Audi Q7 e-tron: what is it?
First it was Mitsubishi, now everyone wants in. Plug-in hybrid SUVs are all the rage, apparently – with the Volvo XC90 and the BMW X5 both being available with electric motors, not forgetting Porsche’s upmarket Cayenne S E-Hybrid.
But Audi is doing it slightly differently. Rather than going down the conventional petrol/electric hybrid route, it’s combining its 3.0-litre turbodiesel with an electric motor. Is it enough to convince the environmentally-conscious to drive a diesel Audi SUV?
Audi Q7 e-tron: what are its rivals?
Traditionally, you’d consider the BMW X5 to be one of the Q7’s closest rivals. But most people who’ll buy the Q7 e-tron will do so for tax reasons – and for reasons we’ll come to shortly, the X5 just doesn’t cut it.
Its closest rival, on paper at least, is the Volvo XC90. If you’re scoffing at the thought, it can only be because you haven’t heard just how impressive the new XC90 is. With its flagship T8 plug-in hybrid powertrain, the XC90 starts at £59,955 in Momentum trim (not including the Government’s plug-in car grant). Prices of the Audi Q7 e-tron are yet to be confirmed, but expect it to be marginally more expensive than the XC90.
Audi Q7 e-tron: which engines does it use?
The Q7 e-tron is powered by Audi’s 3.0-litre V6 turbodiesel engine, which produces 258hp and 442lb ft of torque. Combine this with an electric motor and an eight-speed Tiptronic gearbox and it’ll hit 62mph in 6.0 seconds flat – topping out at 140mph.
Audi Q7 e-tron: what’s it like to drive?
If a relaxing drive is what you’re after, the Q7 e-tron is up there with the best. When you set off, it’ll initially start in silent electric mode – only starting the diesel motor when you push the accelerator pedal beyond a certain point. When the diesel does kick in, it’s practically seamless – there’s not the vibration or the lurch you may expect.
It uses clever autonomous technology to work out the best driving mode for you. Set the sat-nav and it’ll alternate between using pure EV, hybrid and diesel-only modes depending on what’s best for the situation. So, for motorway cruising, it’ll use the diesel engine to charge the battery, while around town it’ll switch to electric mode to provide silent, emissions-free driving. Cleverly, it’ll make sure the battery is practically empty by the end of the journey, so the journey has been as efficient as possible.
Audi Q7 e-tron: fuel economy and running costs
The Audi Q7 e-tron boasts an official electric-only range of 34.8 miles. This equates to an MPG figure of 166mpg in the European NEDC tests. Of course, you’re unlikely to see this in real life, as part of the tests are done under electric power alone. But over a 60-mile test route, we managed a more-than-respectable 67.3mpg.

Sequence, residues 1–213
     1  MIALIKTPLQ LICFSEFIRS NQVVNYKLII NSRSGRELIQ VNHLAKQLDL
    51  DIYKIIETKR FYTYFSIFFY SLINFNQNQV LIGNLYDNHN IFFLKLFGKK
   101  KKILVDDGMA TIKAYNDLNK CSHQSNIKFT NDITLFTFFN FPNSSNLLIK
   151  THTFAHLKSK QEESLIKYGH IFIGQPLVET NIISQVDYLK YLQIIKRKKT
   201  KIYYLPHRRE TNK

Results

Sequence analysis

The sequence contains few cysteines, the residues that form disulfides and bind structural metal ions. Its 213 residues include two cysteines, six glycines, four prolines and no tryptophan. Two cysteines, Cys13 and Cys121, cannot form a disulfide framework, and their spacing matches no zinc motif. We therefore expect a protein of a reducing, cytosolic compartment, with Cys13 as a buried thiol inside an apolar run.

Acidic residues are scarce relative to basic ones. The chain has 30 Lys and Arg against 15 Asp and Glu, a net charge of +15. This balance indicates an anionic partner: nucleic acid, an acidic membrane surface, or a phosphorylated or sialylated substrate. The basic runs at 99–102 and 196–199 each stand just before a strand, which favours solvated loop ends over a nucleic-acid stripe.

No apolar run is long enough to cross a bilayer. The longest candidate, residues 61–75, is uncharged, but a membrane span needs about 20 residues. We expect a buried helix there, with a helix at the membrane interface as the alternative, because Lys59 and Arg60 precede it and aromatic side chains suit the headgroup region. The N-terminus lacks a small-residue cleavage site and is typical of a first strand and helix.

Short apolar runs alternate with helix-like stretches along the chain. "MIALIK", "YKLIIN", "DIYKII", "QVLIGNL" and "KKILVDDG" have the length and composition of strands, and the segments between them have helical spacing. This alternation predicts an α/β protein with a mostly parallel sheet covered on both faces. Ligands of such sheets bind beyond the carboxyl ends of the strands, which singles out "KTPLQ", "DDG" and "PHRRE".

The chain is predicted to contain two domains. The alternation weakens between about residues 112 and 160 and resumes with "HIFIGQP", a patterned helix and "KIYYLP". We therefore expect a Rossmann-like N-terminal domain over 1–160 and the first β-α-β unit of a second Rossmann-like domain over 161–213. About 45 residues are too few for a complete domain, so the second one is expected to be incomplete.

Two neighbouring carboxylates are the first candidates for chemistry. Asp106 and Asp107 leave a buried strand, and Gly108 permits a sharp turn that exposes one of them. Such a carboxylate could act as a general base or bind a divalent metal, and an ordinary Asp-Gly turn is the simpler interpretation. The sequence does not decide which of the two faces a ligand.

Crucially, the Q7 e-tron emits 46g/km CO2, putting it into the lowest bracket for company car tax. At 77g/km, that’s something that the BMW X5 plug-in hybrid misses out on.
Audi Q7 e-tron: is it practical?
While the Q7 e-tron’s battery pack doesn’t particularly eat into boot space (650 litres compared to 770), it does mean it’s not available with seven seats or a full-size spare wheel. If five seats are enough, the e-tron is about as practical as, well, a regular Q7. At just over five metres in length, the Q7 is a big car, and the interior offers Range Rover levels of comfort.
Audi Q7 e-tron: what about safety?
If you’re going to have a crash, the Audi Q7 is probably a good car to be in. Not only is there plenty of mass to absorb an impact, it’s also piled high with clever systems to help prevent an accident in the first place. These include collision assist, turn assist and cross traffic assist rear. Adaptive cruise control includes traffic jam assist, which takes over the braking, acceleration and steering from the driver at speeds of up to 40mph.
Audi Q7 e-tron: which version should I go for?
Specifications for the Audi Q7 e-tron are yet to be confirmed, but buyers are likely to get little choice. It should be loaded with kit, however.
Audi Q7 e-tron: should I buy one?
If you want a big, comfortable SUV that’ll provide exceptional fuel economy then the Audi Q7 e-tron is a worthy contender. It’s pricey to buy, but so are its rivals, and it offers little in the way of driving pleasure in the traditional sense. But it’s brilliantly relaxing to drive, and darting around town (as much as you can in a huge cumbersome SUV) is surprisingly fun. You’ll be doing it in exceptional comfort, too.
Audi Q7 e-tron: pub fact
The Q7 e-tron uses information from sensors, as well as data from cameras and its navigation system, to generate a detailed image of the route ahead for up to 1.9 miles. It will then pulse the accelerator pedal to tell you when to lift off in a bid to encourage economical progress. It’s a step towards autonomous driving.